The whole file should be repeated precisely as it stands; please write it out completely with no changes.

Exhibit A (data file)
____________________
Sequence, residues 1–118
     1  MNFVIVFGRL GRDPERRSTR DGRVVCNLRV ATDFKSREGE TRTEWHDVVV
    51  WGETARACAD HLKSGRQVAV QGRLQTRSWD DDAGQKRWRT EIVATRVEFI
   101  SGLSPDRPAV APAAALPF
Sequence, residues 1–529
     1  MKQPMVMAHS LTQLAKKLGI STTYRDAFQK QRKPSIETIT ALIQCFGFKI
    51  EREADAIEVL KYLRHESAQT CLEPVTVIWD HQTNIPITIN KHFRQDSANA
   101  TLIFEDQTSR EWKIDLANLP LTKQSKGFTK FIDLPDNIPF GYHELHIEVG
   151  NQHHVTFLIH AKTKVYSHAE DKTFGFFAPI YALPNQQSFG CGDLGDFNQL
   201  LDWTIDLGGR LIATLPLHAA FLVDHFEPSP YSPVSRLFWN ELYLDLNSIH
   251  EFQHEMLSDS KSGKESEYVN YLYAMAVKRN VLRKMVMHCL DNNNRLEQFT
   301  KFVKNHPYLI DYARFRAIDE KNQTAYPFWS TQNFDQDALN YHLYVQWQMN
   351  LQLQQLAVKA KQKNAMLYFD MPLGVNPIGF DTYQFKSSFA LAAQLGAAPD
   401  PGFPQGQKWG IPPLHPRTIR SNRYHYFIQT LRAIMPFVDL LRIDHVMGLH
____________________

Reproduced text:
Sequence, residues 1–118
     1  MNFVIVFGRL GRDPERRSTR DGRVVCNLRV ATDFKSREGE TRTEWHDVVV
    51  WGETARACAD HLKSGRQVAV QGRLQTRSWD DDAGQKRWRT EIVATRVEFI
   101  SGLSPDRPAV APAAALPF
Sequence, residues 1–529
     1  MKQPMVMAHS LTQLAKKLGI STTYRDAFQK QRKPSIETIT ALIQCFGFKI
    51  EREADAIEVL KYLRHESAQT CLEPVTVIWD HQTNIPITIN KHFRQDSANA
   101  TLIFEDQTSR EWKIDLANLP LTKQSKGFTK FIDLPDNIPF GYHELHIEVG
   151  NQHHVTFLIH AKTKVYSHAE DKTFGFFAPI YALPNQQSFG CGDLGDFNQL
   201  LDWTIDLGGR LIATLPLHAA FLVDHFEPSP YSPVSRLFWN ELYLDLNSIH
   251  EFQHEMLSDS KSGKESEYVN YLYAMAVKRN VLRKMVMHCL DNNNRLEQFT
   301  KFVKNHPYLI DYARFRAIDE KNQTAYPFWS TQNFDQDALN YHLYVQWQMN
   351  LQLQQLAVKA KQKNAMLYFD MPLGVNPIGF DTYQFKSSFA LAAQLGAAPD
   401  PGFPQGQKWG IPPLHPRTIR SNRYHYFIQT LRAIMPFVDL LRIDHVMGLH